Connect the world, with Mr. Anderson. My friend from elementary school (the place where we go to discuss commentators of Conan Doyle’s reception under a socioeconomical light) really liked Silverchair, and she tried to make me see how cool the world of music could be; but in the year 2000, I was watching The Matrix with my mom. Apples and oranges, comrade. Fast forward to your first mental breakdown in college, when you had to write an impossible essay that seemed totally basic for the wildly literate, monocle wearing professor, and you have an issue that most of us ignore, but now seems to be raising concern in traditional families: attention span. How do we make our younger generations focus on what really matters, and not fall into the rabbit holes, click holes or conversational strategies on their favorite apps (see what I did there?) without realizing there’s no turning back from there? The good news is that’s fake news; the bad news, well, is that some people are paid money to tell you what’s real and what’s not, including the realest things you’ve ever seen in your life, at those moments when your mind needed a little bit of a rest from constant brain throbs with just a quick icecream commercial. Come on, dude. The world changes, and you know what I’m talking about.
While it may seem too complicated to understand how digital media evolved — developed, stratified, multiplied, diversified –, it’s nobody’s business to say the anchor isn’t polite being enough whilst staring at a camera and saying out loud the name of a politician who hasn’t slept for 48 hours, an athlete who got dumped and saw his performance decline, a city that witnessed unusual weather conditions, and so on and so forth. But nobody cares anymore. We’re beyond YouTube, baby. Lipsyncing is the new game. Unless, of course, you have absolutely no idea of what the lyrics want to say. Can anyone imagine a 10 year old singing Amy Winehouse? Cause hey, I can, and it’s beautiful.
Brazil, albeit irregularly, has developed a lot. Common sense, isn’t it? People ignoring reports that not 5%, but 0.1% speak fluent English is the new normal. Yes, it’s pretty sad, considering the efforts to raise awareness on the importance of testing, but we’re not a country where suicide rates are on the high: we are vibrant and happy, but some of us tend to carry a bit of a burden of anger, for some reason, upon our shoulders. That means to say we’re seeing all kinds of violent discourse on the web, but if we want to be optimistic about it — about the web, not violence — and shape the future of our interconnected communicational models, we do need to work on blocking and banning, eventually. Which seems annoyingly generic for the vigilante who didn’t get a sick leave from the IT company, but if there’s one thing I learned about living in a house with angry people it’s the fact, disputable or not (because it’s 2020), that when you cook on a marble sink, you need to buy more bleach. What does that have to do with learning English, you ask? Well, cooking is very educational, but try an instructional video of a recipe in foreign language.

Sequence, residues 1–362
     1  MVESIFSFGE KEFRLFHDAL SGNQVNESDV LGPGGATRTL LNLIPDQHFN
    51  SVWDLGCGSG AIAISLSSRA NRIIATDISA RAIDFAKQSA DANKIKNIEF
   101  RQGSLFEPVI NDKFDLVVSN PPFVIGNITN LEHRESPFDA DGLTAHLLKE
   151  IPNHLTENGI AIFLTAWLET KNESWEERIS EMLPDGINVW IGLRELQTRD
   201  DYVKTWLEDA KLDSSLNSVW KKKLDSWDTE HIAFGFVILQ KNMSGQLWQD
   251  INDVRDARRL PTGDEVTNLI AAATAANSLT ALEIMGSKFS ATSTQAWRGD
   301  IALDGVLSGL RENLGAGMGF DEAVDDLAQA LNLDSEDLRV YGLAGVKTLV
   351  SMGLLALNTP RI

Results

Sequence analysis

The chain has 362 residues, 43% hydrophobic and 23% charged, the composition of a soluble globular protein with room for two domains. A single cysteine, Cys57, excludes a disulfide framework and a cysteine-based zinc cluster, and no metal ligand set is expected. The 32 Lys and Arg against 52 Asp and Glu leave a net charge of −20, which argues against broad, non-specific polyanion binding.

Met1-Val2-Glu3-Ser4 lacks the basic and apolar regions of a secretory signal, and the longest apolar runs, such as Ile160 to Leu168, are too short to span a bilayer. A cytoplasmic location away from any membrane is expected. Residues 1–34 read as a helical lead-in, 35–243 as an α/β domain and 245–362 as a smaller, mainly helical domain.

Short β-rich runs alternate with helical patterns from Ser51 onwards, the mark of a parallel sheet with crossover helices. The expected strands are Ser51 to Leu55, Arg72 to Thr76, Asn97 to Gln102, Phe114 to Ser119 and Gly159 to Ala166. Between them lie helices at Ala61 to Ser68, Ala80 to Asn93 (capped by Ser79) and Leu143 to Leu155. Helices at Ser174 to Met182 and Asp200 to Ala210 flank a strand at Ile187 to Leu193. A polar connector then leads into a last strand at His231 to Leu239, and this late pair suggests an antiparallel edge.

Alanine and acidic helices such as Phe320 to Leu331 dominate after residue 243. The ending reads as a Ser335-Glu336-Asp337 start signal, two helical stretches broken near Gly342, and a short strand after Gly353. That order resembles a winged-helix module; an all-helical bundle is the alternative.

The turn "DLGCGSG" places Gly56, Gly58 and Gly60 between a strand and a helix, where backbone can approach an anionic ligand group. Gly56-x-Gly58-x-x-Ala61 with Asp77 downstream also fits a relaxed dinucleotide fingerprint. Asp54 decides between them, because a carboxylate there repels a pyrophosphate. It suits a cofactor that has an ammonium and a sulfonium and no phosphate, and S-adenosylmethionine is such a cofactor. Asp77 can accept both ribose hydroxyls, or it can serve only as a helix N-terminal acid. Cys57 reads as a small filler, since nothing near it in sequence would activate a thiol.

I have no idea why I started liking music when I first listened to Linkin Park. But that’s not entirely true: I was watching Titanic again and again, which eventually led to my uncle buying a live concert where the theme song is played. And in case you’re wondering how this is even related, I’m still talking about the problem of attention span. Of course I am: music, movies, news. The information overload might be a problem, but also part of a solution, if you want to savor it. What we do next is curate the contents in which we see a possible interest and bring them to a general audience (ours, in fact). If we focus on our lives while connected to everybody else’s, we’ll fail to understand half of what we need to be doing. If we can’t see what others are telling us to do, or worse, what they want to do to us, we’ll fail to be independent. And in some countries, that’s a very difficult thing to achieve.